Queerness, human rights still issues in Israel

Paige Nehls, Guest Writer

February 26, 2016

By 2020 the Gaza Strip could become uninhabitable, according to the United Nations. The small Palestinian territory, which is about the size of New Jersey, hosts around 1.8 million people. So where are they supposed to go?

Dr. Sa’ed Atshan, professor of peace and conflict studies at Swathmore College in Pennsylvania, visited Guilford College’s Carnegie Room on Feb. 18 at the request of the Students for Justice in Palestine (SJP) to discuss this and other aspects of Palestinian life under Israeli Occupation in a lecture titled “The Politics of Being Fabulous in the Holy Land.”

“People come home to find (Israeli) settlers living in their houses,” Atshan said, as he motioned to an image of an elderly Palestinian woman walking away from what was once her home as onlookers laughed. “They have to watch as their homes get destroyed and their land is taken from them and given to the settlers.”

Layla Rafaoui, senior and president of SJP, whose members are mostly Palestinian, said the club wanted “to educate Guilford Students on Palestinian struggles … and intersectional topics.”

Over the course of the evening, Atshan explained the plights of Palestinians and compared their struggles to that of Native Americans: both groups have lost a majority of their native lands, and both have been vilified in the press.

“The United States is the most anti-Palestinian country in the world,” Atshan said.

“It is tremendously dehumanizing of Palestinians. (I have) had to come out on numerous fronts: as gay and as Palestinian.”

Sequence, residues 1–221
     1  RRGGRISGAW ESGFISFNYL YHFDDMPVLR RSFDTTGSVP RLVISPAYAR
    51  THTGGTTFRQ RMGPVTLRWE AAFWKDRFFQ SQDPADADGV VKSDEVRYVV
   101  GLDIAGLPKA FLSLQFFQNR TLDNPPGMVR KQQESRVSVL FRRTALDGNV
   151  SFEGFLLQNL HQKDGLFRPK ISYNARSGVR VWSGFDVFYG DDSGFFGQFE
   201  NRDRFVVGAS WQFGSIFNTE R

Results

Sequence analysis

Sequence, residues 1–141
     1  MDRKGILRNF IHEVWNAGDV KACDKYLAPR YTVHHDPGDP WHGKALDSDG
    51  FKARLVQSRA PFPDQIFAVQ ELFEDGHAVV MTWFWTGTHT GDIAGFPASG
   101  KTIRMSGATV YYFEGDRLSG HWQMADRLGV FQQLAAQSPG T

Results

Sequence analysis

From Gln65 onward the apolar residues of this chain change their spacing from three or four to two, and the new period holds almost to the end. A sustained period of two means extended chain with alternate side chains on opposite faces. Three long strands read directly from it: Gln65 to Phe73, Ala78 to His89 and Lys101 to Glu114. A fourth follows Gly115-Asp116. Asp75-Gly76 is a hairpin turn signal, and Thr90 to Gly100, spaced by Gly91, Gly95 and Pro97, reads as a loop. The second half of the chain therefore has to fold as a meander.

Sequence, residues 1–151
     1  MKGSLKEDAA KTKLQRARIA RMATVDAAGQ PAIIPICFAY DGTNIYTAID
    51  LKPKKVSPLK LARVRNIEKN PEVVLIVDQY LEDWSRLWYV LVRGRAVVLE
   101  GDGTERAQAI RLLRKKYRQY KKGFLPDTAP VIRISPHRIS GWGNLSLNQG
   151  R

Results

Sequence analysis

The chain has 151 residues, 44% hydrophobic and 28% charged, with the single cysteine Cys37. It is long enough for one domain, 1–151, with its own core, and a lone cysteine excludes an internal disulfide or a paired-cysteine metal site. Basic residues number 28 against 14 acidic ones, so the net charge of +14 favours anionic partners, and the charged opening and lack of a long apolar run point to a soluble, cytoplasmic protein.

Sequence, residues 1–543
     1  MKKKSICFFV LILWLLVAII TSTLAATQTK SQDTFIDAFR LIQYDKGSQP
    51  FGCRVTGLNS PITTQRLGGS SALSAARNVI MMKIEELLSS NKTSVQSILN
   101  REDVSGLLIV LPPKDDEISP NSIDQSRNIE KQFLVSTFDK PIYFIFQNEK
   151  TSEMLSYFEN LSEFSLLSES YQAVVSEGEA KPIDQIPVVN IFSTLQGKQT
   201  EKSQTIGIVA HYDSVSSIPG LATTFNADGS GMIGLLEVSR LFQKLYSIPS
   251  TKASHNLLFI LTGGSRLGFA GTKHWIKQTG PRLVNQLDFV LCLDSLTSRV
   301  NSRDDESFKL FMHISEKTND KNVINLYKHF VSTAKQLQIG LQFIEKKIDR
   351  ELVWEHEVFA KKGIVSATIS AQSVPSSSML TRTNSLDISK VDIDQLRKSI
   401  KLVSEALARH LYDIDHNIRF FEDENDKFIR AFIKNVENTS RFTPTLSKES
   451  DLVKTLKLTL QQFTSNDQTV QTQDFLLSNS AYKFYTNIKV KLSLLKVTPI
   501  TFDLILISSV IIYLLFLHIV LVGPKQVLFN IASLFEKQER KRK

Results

Atshan described asking his American students to write down their perceptions of Palestinians before telling them about his Palestinian heritage.

He said that at times, what the students have had to say almost brought him to tears, but by the end of the course, the students understand the human rights abuses being inflicted upon the Palestinians and have more informed opinions.

Some of these human rights violations, according to the United Nations, include the illegal usurpation and occupation of Palestinian land, the excessive detention and imprisonment of Palestinians, the lack of access to health care and the deprivation of sufficient amounts of clean water.

To take the attention away from these human rights violations, the Israeli government began “pink washing,” according to Atshan.

That is, they market Israel as being gay-friendly in order to divert attention away from their treatment of the Palestinians.

“It oversimplifies the conflict,” Atshan said. “It erases the spectrum of experiences. There’s a range of queer experience in Israeli society. Israel doesn’t have same sex marriages. Israel doesn’t have an asylum system for gay Palestinians. That’s just not true.”

Throughout his lecture, Atshan repeatedly brought up the concept of intersectionality and told the audience that oppressed groups need to think of their struggles as united.

“There are no pink gates for gays,” Atshan said. “The occupation doesn’t distinguish between a homosexual and a heterosexual. (Homosexual Palestinians) face the same sets of structural oppression as straight people.”

Atshan discussed the nonviolence resistance movement that has emerged in Palestine, but none of these protests seem to have moved the Palestinians any closer to freedom.

“A two-state solution is now dead,” said retired William R. Rogers Director of Friends Center and Quaker Studies Max Carter. “Israel has no interest in restarting peace talks. Nobody is holding them accountable for their actions in the occupied territories.”

With no conciliatory talks taking place between Israel and Palestine, it is unlikely that the human rights situation will improve in Gaza. As 2020 approaches, there may be a rise in refugees as residents of Gaza flee their homeland.

But Atshan said that he has not given up hope. Palestine is his homeland and the homeland of several Guilford students.

“When we speak, we are afraid, but when we are silent, we are still afraid,” said Atshan, quoting Audre Lorde. “So it is better to speak remembering we were never meant to survive.”

SJP’s next event will cover the topic of birthright on March 3.

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